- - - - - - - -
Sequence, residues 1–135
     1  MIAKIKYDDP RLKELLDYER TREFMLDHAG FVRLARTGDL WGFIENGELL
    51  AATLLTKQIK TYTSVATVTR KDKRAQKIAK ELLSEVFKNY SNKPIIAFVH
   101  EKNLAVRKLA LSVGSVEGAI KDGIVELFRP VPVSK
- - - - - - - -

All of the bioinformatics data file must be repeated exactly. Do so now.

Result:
Sequence, residues 1–135
     1  MIAKIKYDDP RLKELLDYER TREFMLDHAG FVRLARTGDL WGFIENGELL
    51  AATLLTKQIK TYTSVATVTR KDKRAQKIAK ELLSEVFKNY SNKPIIAFVH
   101  EKNLAVRKLA LSVGSVEGAI KDGIVELFRP VPVSK